From the mind of Jordan Peele comes his latest, the story of a force that takes over a small town in California.

OJ is a horse trainer who while on his family ranch, hears a strange noise and things start dropping to the ground, which results in his father’s death. Nearly down and out, OJ and his sister Emerald take over the family business and when they fail to do a successful shoot, OJ decides to sell his horse Lucky to Jupe, the owner of a Western-style amusement park. Jupe was once a child star who had a bad experience on set when the chimpanzee on set went ballistic and killed everyone but him.

When OJ begins to hear the noise again, he is convinced that aliens are responsible. With the help of Angel, an expert in installing cameras, OJ and Emerald soon learn that before the alien ship comes, it stops all things electrical. When Jupe knows of the ship and makes it a part of his show, things usually come well. However, on this day, it might not come as planned. With the help of Antlers, an expert in cinematography who knows the intricacies of the camera, OJ, Emerald, and Angel will risk it all to prove that aliens do in fact exist.

Get Out dealt with racism in a modern world done in a hypnotic kind of way. Us dealt with alternate clones who go psycho on their counterparts. After producing the successful Candyman reboot directed by Nia DaCosta, Jordan Peele finally unleashes his next film. This time, he goes for more of a sci-fi theme meshed with his love of horror. Compared to his previous two, it’s an okay film, but there are a few flaws that make the film someone a bit inferior compared to the others.

Daniel Kaluuya, returning from Get Out, gives off a somber performance as OJ, someone who has been reeling from his father’s death. Played in a cameo by Keith David, we see the first time OJ experiences the alien threat and the impact it takes on his life. He is clearly someone who is hurting so much and his relationship with his sister, played by Keke Palmer, isn’t any better. As for Palmer, she has a tendency to overdo her acting in the role of Emerald, which brings more of a hindrance to the overall film rather than amplify it. There are a few moments where she does okay, but with her character being somewhat arrogant and too outgoing, it leads to the overacting.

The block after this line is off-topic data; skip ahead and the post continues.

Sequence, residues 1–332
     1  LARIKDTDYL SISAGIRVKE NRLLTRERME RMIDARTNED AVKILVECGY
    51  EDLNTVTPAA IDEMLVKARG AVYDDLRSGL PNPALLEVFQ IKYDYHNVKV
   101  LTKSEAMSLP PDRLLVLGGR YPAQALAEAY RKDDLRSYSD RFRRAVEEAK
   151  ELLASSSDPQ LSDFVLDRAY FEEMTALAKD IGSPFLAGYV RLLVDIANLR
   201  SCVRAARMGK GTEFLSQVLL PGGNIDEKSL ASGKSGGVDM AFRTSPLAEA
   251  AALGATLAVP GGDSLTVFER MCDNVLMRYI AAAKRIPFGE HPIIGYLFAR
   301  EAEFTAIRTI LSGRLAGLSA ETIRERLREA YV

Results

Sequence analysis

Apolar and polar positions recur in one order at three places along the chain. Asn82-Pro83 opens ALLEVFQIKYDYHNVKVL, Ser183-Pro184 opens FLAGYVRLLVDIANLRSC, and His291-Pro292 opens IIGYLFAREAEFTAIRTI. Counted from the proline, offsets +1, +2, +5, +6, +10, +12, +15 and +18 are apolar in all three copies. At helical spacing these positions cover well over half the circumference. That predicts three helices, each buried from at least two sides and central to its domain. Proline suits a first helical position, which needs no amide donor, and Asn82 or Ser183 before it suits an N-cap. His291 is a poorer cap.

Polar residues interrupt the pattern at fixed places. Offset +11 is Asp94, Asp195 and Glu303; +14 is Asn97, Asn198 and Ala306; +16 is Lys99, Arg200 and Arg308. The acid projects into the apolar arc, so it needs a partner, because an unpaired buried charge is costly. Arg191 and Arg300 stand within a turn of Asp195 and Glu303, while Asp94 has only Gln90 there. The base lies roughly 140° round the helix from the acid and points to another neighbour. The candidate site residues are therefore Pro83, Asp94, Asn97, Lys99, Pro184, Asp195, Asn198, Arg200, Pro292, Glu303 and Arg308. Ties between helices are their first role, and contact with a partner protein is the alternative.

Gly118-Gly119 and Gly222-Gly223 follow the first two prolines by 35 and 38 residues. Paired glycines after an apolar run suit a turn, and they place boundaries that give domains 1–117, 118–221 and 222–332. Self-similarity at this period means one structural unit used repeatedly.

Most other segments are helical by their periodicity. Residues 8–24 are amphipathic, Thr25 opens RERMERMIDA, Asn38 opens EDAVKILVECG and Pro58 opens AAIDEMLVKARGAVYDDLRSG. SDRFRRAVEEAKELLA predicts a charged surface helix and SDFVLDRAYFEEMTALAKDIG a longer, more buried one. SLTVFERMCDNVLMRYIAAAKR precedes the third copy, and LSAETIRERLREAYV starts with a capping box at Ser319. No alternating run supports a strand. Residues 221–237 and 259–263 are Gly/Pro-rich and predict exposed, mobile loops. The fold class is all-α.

Steven Yeun is quite interesting in the role of Jupe, a former child star turned Western-style amusement park owner. He is filled with joy and optimism and yet deep down; he is hiding a sense of childhood trauma that he would rather forget but somehow be connected to the basis of the film. The film is a welcome return for Michael Wincott, who plays cameraman Antlers, who at first seems like a secondary character until he is needed by our protagonists while Brandon Perea’s Angel is quite the believer and is willing to go above and beyond to help our sibling protagonists to prove there is life out there and it is hungry.

Nope is not a bad film, but compared to his previous films, it is a bit inferior to Jordan Peele’s Get Out and Us. Despite a good cast, some overcasting and a bit of confusion in the overall plot makes this a watch once film.


Universal Pictures presents a Monkeypaw Productions film. Director: Jordan Peele. Producers: Jordan Peele and Ian Cooper. Writer: Jordan Peele. Cinematography: Hoyte Van Hoytema. Editing: Nicholas Monsour.

Cast: Daniel Kaluuya, Keke Palmer, Steven Yeun, Brandon Perea, Michael Wincott, Wrenn Schmidt, Keith David, Devon Graye, Terry Notary, Barbie Ferreira, Osgood Perkins, Donna Mills, Eddie Jemison.